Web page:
Despite Republicans deciding not to oust Sen. Lisa Murkowski from her position as the ranking member on the Senate Energy and Natural Resources Committee, all signs point to Sen. Richard Burr (R-N.C.) replacing her.

The buzz on Capitol Hill this week was that Republicans were going to call for a vote on Wednesday afternoon to remove Murkowski as ranking member because she lost the Republican primary to a Tea Party candidate. The first part happened, the second part didn’t. The exact vote tally remains a mystery for now, but the result is that Murkowski will keep her position and Burr will not take over as the acting ranking member of the committee.

Now, while Murkowski retains her title, most reports out of the Alaskan’s camp say she will not return to the Senate before the November midterms. This will leave the committee a Republican vote short and missing a ranking member. The Senate is expected to remain in session for two to three more weeks before breaking for the elections.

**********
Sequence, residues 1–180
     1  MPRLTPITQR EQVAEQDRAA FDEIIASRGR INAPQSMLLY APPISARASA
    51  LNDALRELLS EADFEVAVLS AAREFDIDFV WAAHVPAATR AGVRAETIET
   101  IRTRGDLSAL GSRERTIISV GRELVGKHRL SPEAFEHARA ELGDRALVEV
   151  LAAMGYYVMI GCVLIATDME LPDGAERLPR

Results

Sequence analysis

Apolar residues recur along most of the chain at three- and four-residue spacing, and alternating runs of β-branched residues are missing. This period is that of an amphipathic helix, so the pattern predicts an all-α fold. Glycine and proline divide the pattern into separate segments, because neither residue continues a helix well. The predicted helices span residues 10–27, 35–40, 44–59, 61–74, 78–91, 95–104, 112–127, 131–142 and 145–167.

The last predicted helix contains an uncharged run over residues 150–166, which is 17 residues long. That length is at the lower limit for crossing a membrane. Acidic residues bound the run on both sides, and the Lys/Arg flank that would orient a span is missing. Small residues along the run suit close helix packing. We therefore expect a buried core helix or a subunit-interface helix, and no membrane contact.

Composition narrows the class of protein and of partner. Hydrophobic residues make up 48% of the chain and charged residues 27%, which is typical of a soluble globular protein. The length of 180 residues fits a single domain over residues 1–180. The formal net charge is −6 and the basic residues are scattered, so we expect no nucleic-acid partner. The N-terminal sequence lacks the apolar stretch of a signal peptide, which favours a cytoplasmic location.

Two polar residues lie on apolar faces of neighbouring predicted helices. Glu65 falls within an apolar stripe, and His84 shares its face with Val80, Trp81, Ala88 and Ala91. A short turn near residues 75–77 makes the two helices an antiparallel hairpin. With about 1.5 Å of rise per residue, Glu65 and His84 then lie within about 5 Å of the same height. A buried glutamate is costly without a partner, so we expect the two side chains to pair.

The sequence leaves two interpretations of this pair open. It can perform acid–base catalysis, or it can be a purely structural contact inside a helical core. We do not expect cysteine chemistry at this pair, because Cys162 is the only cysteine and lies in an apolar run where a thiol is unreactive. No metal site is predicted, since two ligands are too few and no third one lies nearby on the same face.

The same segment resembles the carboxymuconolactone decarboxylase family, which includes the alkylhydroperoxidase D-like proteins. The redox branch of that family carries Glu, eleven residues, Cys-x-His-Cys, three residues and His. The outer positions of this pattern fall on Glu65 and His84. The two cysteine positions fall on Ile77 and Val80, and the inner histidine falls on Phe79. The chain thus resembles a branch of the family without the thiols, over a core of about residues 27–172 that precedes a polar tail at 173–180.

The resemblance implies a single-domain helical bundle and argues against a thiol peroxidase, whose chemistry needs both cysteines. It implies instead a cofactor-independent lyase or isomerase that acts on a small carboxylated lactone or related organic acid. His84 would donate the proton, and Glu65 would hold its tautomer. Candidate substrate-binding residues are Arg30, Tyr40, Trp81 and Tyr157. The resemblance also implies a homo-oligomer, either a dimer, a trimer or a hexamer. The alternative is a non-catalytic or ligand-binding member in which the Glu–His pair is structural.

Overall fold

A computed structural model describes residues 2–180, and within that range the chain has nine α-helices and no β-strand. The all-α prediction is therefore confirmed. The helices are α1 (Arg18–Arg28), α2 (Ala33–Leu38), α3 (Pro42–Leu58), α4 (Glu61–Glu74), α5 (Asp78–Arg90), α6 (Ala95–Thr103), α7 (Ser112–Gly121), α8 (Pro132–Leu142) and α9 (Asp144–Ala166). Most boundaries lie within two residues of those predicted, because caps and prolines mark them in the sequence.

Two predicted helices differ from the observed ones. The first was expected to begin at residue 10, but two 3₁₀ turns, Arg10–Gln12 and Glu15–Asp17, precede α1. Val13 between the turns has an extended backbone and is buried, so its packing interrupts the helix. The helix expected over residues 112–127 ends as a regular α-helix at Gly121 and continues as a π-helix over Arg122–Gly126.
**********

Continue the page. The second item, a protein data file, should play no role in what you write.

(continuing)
As for Burr, he told the Charlotte Observer, “It’s not a decision for me. Now it’s a decision for the Republican conference.” When the conference decided to punt on the issue, it represented an about-face for frustrated Republican leaders who have been displeased with Murkowski’s plan to wage a write-in campaign following her defeat by Joe Miller in an August primary.

For those who vote for the environment, Burr isn’t exactly an improvement over Murkowski who is unpopular with greenies because of her attempts to kill the Environmental Protection Agency’s authority to regulate greenhouse gas emissions. Burr is a global warming denier and is on Koch Industries' target list for a pledge to vote against any cap-and-trade “climate tax.”

Despite not getting the nod for the position, Burr remains the odds-on favorite to get the job at some point because he is the most-senior member of the Energy and Natural Resources Committee. The next most-senior senator on the committee is Wyoming’s John Barrasso, who was recently chosen by the Senate Republican Conference to be its vice chairman, the fifth most powerful leadership position for the party.

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